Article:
In other words, everyone must have a chance to get involved. And there is no getting round it, the quotas were important, but the goal must be parity – parity everywhere, be it in politics, business, the administration, academia and indeed in the cultural sphere. We recently marked 20 years of the office of Federal Government Commissioner for Culture and the Media. If you look at the number of female conductors, renowned female painters and women in the arts, then you need to ask yourself what is going on because it cannot be that women are less talented. In this area, too, we need to specifically support women to help them achieve a breakthrough, become better known and make headway. This really goes for all sectors in society.
In the civil service, the coalition government has set a goal of achieving an equal number of women and men in all senior management positions by 2025. In some cases, we are still a long way from that, but we are aware of the role model function of the civil service. That is why I think it is good news that women now hold four of the eight positions of Director-General in the Federal Chancellery. I am rather proud of that.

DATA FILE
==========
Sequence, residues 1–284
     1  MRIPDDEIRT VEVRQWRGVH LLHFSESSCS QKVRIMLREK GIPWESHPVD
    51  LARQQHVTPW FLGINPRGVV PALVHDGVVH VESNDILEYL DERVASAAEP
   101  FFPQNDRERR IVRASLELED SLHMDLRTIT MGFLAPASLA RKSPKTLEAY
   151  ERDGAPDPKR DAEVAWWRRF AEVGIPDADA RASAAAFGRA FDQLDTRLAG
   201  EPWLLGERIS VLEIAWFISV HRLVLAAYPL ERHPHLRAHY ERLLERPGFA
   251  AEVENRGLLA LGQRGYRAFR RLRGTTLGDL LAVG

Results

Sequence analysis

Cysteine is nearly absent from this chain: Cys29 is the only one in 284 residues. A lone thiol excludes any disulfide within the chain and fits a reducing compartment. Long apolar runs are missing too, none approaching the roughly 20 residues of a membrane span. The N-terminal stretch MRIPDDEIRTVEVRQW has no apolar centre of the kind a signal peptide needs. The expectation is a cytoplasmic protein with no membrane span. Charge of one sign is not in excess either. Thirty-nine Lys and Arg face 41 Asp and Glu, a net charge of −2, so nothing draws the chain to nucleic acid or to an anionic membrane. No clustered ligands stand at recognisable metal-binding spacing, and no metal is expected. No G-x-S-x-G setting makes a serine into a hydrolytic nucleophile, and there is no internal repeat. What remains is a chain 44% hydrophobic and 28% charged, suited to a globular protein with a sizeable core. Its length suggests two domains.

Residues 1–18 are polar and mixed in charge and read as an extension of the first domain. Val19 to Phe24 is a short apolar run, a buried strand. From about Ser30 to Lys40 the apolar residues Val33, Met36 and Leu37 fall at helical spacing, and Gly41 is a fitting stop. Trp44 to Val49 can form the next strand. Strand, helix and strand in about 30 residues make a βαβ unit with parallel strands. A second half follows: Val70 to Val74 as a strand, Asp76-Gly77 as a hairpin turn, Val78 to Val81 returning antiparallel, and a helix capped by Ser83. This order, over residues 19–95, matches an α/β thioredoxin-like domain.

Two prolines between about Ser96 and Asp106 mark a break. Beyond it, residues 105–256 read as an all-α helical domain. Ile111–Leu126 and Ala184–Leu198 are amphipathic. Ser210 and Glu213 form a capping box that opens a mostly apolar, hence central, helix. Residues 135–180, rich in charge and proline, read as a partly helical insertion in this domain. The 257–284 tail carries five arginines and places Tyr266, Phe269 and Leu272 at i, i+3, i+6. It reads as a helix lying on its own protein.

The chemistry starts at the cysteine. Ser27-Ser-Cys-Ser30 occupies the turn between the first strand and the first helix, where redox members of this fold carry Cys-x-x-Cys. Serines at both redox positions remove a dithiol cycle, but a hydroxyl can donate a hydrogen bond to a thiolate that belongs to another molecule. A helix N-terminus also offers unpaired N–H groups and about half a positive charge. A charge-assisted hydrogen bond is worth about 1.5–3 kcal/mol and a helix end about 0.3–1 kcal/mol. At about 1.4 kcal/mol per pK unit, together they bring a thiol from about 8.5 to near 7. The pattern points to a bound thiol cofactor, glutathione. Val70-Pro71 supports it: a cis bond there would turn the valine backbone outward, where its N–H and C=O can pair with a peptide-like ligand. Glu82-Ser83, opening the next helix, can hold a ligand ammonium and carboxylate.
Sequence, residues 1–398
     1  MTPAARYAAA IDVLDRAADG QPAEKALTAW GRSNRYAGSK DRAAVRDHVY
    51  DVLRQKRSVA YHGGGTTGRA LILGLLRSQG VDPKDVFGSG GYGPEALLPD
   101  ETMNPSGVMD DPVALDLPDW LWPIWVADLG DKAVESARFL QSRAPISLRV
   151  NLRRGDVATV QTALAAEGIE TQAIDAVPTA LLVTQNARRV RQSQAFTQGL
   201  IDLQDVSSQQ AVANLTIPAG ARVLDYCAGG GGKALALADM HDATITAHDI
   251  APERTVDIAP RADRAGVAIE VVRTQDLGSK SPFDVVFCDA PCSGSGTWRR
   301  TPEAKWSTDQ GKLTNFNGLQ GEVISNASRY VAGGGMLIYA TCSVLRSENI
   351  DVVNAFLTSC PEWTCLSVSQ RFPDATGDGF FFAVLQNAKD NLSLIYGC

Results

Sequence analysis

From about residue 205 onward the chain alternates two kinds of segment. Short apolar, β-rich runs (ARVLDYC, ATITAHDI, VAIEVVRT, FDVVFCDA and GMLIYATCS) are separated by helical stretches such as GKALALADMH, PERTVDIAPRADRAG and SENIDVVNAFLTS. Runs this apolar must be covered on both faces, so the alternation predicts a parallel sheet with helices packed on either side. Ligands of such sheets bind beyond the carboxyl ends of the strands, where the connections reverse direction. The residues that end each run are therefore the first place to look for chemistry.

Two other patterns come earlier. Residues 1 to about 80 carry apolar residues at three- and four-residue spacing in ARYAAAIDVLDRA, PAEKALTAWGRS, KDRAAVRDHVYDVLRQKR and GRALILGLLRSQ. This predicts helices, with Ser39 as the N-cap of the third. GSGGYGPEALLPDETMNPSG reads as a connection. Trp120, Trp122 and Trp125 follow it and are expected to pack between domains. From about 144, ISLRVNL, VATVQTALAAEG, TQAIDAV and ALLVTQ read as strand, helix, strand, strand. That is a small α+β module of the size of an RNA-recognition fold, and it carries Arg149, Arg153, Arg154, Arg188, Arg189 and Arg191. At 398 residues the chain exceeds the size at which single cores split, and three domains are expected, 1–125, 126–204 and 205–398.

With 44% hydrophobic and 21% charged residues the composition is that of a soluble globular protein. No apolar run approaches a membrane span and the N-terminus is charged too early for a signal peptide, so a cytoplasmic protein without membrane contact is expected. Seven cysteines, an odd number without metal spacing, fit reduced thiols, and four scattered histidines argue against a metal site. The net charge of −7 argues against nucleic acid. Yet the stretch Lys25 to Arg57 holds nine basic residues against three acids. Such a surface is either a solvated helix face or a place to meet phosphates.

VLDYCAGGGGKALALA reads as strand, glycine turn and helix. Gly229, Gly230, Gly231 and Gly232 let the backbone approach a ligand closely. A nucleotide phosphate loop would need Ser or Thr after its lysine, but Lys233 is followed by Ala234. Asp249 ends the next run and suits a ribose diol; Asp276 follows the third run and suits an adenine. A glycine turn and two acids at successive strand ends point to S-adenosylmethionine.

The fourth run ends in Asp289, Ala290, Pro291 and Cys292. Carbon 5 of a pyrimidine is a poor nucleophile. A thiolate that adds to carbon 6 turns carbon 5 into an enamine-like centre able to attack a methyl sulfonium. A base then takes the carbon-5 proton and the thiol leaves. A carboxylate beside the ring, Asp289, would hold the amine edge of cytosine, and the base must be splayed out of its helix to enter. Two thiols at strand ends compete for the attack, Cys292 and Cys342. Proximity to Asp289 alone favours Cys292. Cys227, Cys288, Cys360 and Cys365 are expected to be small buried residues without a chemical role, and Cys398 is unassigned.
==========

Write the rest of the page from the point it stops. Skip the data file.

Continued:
As regards the business sector in Germany, much is still in a sorry state. In the United States, there are at least two women on the board of 90 percent of the largest publicly traded companies. In the UK and France, this figure is around 50 percent – but in Germany it is a mere 16.7 percent. This means that we are a long way from truly making use of skills and talents in the business sector, too. And we really should not and cannot afford to continue like this – also with a view to demographic change. It was the right approach – Ms Giffey reported on this – to also take a step as regards supervisory boards via the law on more women in management positions. In fact, no one still claims now that no women are available for such positions. We still have major problems in medium-sized enterprises. We need to keep working on that. And should a woman ever head up a DAX company, then that should not be something special, but rather the first step to normality. We need to keep repeating that.
My hope is that it will become standard for women and men to share employment, childcare and housework equally and that no one will be forced into a particular role or division of labour because of their sex. And I hope that this will not take a further 100 years, as equality between women and men is an important indicator of whether and to what extent a society is just. I think we are all certain that a society’s future viability depends on how just it is. And that is why this is equally in the hands of women and men or men and women.
Many thanks, and thank you for being here today.